US judge slashes jury award in Roundup cancer case

A jury concluded that it was more likely than not that Monsanto weed-killer Roundup caused non-Hodgkin's lymphoma in a California man

A US judge on Monday slashed punitive damages a jury ordered Monsanto to pay in a Roundup cancer trial, saying the sum was too high despite the company's "reprehensible" conduct.

US District Court Judge Vince Chhabria denied a request by Monsanto for a new trial, but ruled that the $75 million in punitive damages was "constitutionally impermissible."

Chhabria reduced to $20 million the amount Monsanto is to pay as punishment in the case which is one of more than 13,000 lawsuits related to the weedkiller launched in the US.

The judge endorsed the approximately $5 million in compensatory damages that Monsanto was ordered to pay the plaintiff, Edwin Hardeman.

"Based on the evidence that came in at trial, Monsanto deserves to be punished," Chhabria said in his ruling.

"The evidence easily supported a conclusion that Monsanto was more concerned with tamping down safety inquiries and manipulating public opinion than it was with ensuring its product is safe."

While a jury concluded that it was more likely than not that Monsanto weed-killer Roundup caused non-Hodgkin's lymphoma in Hardeman, the "metaphorical jury is still out" on whether the principal ingredient glyphosate causes that cancer, noted the judge.

"The jury's punitive damages award was approximately 15 times the size of the compensatory damages award," Chhabria said.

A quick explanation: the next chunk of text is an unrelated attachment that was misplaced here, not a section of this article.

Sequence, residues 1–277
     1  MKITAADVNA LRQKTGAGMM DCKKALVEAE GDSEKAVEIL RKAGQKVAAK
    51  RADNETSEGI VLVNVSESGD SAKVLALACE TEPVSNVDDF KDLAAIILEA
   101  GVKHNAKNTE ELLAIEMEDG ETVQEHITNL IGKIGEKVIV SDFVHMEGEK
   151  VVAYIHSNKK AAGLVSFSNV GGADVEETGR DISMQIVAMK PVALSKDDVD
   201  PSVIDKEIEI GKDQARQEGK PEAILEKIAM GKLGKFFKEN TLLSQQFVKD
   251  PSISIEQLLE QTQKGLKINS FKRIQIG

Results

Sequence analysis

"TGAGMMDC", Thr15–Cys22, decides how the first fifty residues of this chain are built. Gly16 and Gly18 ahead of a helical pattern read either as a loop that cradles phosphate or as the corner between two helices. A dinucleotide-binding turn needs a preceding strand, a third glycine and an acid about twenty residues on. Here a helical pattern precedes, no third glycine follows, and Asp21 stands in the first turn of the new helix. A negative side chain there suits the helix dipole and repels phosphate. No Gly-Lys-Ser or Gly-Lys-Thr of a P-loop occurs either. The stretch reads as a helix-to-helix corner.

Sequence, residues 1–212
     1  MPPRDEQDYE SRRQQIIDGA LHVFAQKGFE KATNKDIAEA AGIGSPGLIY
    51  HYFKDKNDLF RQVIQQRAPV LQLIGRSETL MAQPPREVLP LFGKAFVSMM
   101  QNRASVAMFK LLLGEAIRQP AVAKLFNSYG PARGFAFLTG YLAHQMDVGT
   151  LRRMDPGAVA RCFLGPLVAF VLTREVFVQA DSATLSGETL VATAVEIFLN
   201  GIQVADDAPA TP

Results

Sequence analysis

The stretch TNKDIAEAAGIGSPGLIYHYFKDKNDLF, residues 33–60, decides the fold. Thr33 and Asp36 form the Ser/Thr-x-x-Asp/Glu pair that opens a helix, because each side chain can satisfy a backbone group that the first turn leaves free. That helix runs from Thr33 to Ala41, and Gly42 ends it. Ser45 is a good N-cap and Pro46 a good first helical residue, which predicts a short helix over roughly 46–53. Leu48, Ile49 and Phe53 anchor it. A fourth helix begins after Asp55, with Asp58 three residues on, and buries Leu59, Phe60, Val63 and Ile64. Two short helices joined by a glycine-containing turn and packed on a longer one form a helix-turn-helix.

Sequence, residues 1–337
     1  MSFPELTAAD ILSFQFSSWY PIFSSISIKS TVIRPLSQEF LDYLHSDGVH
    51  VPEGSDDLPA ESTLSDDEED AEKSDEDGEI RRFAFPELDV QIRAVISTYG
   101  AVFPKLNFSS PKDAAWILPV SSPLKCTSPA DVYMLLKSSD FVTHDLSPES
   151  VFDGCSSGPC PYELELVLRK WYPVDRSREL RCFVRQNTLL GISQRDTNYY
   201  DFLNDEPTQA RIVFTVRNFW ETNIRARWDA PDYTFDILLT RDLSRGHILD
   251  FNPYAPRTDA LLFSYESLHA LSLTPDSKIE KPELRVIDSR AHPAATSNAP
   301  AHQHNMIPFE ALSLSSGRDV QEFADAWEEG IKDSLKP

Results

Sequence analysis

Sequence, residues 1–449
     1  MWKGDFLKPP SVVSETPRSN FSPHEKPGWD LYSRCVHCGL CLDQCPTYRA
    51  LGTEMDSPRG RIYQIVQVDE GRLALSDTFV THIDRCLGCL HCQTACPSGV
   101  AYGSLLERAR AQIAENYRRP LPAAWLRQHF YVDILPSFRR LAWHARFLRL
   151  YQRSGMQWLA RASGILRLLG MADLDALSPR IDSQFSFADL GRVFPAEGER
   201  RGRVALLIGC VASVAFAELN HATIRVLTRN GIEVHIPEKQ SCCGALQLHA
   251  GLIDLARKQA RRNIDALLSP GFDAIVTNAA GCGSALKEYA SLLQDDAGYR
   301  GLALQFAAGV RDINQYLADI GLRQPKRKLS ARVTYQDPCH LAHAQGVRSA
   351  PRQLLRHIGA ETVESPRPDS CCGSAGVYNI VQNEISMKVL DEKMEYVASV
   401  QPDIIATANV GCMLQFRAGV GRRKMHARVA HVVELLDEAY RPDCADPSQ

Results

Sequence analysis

"Monsanto's conduct, while reprehensible, does not warrant a ratio of that magnitude, particularly in the absence of evidence showing intentional concealment of a known or obvious safety risk."

Lawyers for Monsanto's German parent company, Bayer, called Chhabria's ruling "a step in the right direction" but argued anew that the evidence in the case did not support blaming Roundup for the cancer.

Bayer planned to appeal the verdict to a higher court.

The fact that Chhabria rejected Monsanto's arguments for throwing out the verdict and, instead, reduced the damages award on legal grounds was hailed as a major victory by Jennifer Moore, an attorney on Hardeman's legal team.

"For decades Monsanto has lied about the safety of Roundup and undermined any effort to inform the public that Roundup causes cancer," Moore said.

"The jury's verdict should stand."

The agro-chemicals and drugs giant Bayer finalized the acquisition of the US company Monsanto last year for $63 billion.

But the deal has turned out to be plagued with other massive costs.

Just two months after the acquisition was completed, Monsanto lost a case to a school groundskeeper suffering from terminal non-Hodgkin's lymphoma.

He had sued the company over the glyphosate weedkillers Roundup and Ranger Pro, in the first ever federal trial targeting its manufacturer for negligence.

Monsanto was initially ordered to pay $289 million to the groundskeeper, before the damages were reduced to $78.5 million.

In March, the company lost a case to Hardeman, an American retiree who blames his cancer on the weedkiller.

In a third major legal blow to Bayer-owned Monsanto and its weedkiller Roundup, a jury in California ordered the firm in May to pay more than $2 billion in damages to a couple that sued on grounds the product caused their cancer, lawyers said.